]. It is also clear that the climate impact on shrubland is dominant to grassland/pasture.
A technical question left is the function form
for climatic variables. We have adopted the quadratic form for analyses presented in Table 1
and Table 2
. The quadratic form is the best based on a cross-validation comparison of eight specifications. The literature also commonly adopts the quadratic form. Table S2
documents all candidate specifications and their mean square errors (MSEs) from 10-fold cross-validation. The best two specifications are (1) linear PPT
and quadratic Tmean
and (2) quadratic PPT
and quadratic Tmean
. They are consistent across different dependent variables and shale production variables. Tables S3 and S4
report the regression results with the specification of linear PPT
and quadratic Tmean
. The new estimated impacts of shale energy production on shrubland and grassland/pasture are qualitatively consistent with those in Table 1
and Table 2
. There is also little quantitative change.
One caveat to note here is the potential measurement errors in the climatic data. Observational weather data (i.e., weather stations) are spatially uneven throughout the Southwest, especially in rural areas like the Permian Basin region. Model-generated climatic data usually fill the gap. However, they may not capture intraseason fluctuations in weather accurately. These potential measurement errors can affect the estimates of climatic variables. Still, they only serve as control variables. Arguably, shale energy production is independent of climatic variability and free of measurement errors. Therefore, the parameter estimates of interest—the impacts of shale energy production on vegetation cover—should be reliable.
4. Policy and Management Implications
The environmental impact of shale energy development concerns vegetation cover, (surface and ground) water quality, wildlife, etc. These issues often interconnect in the given spatial-temporal context. The current study focuses on vegetation cover that plays an essential role in the ecosystem. Besides, various environmental issues can appear or become dominant at different stages of shale energy development. It suggests that environmental policy/regulation should have adaptive and dynamic goals. For instance, produced water has become another major environmental issue in the Permian Basin recently. One possible reuse of treated produced water is to release it into the ecosystem. In that case, we need to integratively assess the shale development impact on vegetation cover and the ecosystem service value added from reusing produced water.
Specific to each of the impacts, for instance, we can observe the impact on vegetation cover. However, the groundwater quality impact may not be easy to detect without professional knowledge and testing. Another factor that often affects policy efficacy is the cost of monitoring. We can monitor vegetation cover with remote sensing data and aerial imagery, which may not work for water quality. For water quality monitoring, frequent testing of water samples is much more expensive. In many situations, including the Permian Basin, researchers and regulatory agencies often rely on voluntary data monitoring and reporting. A similar cost constraint applies to assessing the impact on wildlife. Wildlife requires more expensive field data recording due to their mobility. They are susceptible to both point contamination (e.g., an open storage tank of produced water) and nonpoint contamination (e.g., surface water pollution due to ground and surface water interactions) associated with shale development. Despite the complexities in monitoring and assessing the environmental impacts, understanding the temporal dynamics of their relative importance and dominance can improve policy efficacy in managing the environmental impacts of shale development.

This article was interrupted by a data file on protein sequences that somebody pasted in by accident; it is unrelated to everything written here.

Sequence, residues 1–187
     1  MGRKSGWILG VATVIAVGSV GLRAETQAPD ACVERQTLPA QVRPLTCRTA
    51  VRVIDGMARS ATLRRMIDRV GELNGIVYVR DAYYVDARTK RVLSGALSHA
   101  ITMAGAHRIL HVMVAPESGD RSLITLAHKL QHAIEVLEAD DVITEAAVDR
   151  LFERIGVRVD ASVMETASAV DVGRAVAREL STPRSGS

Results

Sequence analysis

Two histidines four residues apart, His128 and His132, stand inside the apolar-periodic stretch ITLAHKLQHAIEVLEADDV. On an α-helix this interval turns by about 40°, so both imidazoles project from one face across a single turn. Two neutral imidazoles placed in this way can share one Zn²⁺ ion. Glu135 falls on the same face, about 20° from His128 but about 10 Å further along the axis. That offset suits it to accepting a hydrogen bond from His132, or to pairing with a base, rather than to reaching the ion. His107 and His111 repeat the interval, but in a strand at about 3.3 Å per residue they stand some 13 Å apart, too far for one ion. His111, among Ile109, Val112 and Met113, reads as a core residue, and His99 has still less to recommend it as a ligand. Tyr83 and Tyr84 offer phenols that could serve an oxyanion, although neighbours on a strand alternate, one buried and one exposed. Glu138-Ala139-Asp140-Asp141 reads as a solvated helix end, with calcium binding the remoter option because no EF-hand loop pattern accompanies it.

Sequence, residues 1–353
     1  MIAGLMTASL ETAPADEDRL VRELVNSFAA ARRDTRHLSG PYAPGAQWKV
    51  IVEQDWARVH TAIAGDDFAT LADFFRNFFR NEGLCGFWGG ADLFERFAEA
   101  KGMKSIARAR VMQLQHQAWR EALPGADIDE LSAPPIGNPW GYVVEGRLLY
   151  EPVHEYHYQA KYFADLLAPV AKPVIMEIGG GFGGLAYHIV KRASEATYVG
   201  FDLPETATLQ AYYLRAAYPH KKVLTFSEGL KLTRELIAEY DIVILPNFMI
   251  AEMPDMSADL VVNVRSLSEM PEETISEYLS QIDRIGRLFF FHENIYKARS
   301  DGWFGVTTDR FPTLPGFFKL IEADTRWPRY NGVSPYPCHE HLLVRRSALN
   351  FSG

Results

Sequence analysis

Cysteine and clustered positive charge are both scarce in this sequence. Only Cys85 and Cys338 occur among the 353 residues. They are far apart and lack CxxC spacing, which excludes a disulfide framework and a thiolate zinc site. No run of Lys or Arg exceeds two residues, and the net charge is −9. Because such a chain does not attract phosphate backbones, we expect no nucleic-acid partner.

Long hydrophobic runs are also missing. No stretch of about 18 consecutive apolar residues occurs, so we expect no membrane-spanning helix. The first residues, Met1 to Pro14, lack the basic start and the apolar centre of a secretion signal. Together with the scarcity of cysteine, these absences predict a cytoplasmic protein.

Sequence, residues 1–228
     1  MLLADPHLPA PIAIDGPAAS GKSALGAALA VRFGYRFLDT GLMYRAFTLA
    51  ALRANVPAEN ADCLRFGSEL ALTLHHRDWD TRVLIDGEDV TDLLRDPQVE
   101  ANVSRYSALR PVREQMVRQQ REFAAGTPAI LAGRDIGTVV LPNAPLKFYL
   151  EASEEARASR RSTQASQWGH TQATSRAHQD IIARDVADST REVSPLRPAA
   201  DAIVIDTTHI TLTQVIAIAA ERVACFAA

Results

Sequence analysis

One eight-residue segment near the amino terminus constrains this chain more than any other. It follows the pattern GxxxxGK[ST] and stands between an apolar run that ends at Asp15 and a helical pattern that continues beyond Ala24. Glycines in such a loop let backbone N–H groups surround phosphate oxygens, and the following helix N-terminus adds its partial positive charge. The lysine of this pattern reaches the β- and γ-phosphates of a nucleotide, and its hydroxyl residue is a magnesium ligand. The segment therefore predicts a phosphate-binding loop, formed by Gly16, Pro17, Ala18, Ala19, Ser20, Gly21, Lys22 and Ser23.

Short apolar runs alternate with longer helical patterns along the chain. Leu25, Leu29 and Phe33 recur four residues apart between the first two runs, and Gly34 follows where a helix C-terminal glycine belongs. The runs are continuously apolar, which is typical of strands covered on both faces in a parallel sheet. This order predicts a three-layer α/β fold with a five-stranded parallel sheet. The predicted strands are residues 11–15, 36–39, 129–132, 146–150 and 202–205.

Another implication to elaborate on is that natural gas production tends to have a smaller environmental impact on vegetation cover. How generalizable is this result across different contexts? The literature suggests that it is region-dependent. In the Marcellus Shale region, for example, where natural gas dominates shale energy production, the literature finds a significant impact on both interior and edge forests (e.g., [27
]). A study for the US Department of the Interior shows that each horizontal shale gas well occupies on average 6.9 acres of land in the Fayetteville Shale of Arkansas [39
]. That is a significant impact on land cover. It is worth noting that most of these estimates do not necessarily distinguish between land directly used by the operations (e.g., drilling pads and access roads) and land affected through the spatial spillover effects (e.g., accidental spills and temporary storage). In general, it seems that the severity of the environmental impact depends less on the difference between oil and natural gas production. It is more a matter of the magnitude of the hydrocarbon production activities. Accidental spills of produced water can cause the death/decline of trees due to its high salinity [9
]. It is irrelevant whether the produced water comes from oil or gas fields.
This study can shed light on another policy-relevant question of why understanding the spatial-temporal dynamics is important. Spatial-temporal dynamics are a common feature of the ecosystem and its components such as the woody plant encroachment process, invasive species, interaction between ground and surface waters, etc. Oftentimes, solving one environmental issue is not enough. It is particularly true with shale energy development. To protect the environment, and minimize the impact on the ecosystem, integrated system-wide assessment and management strategies are necessary [7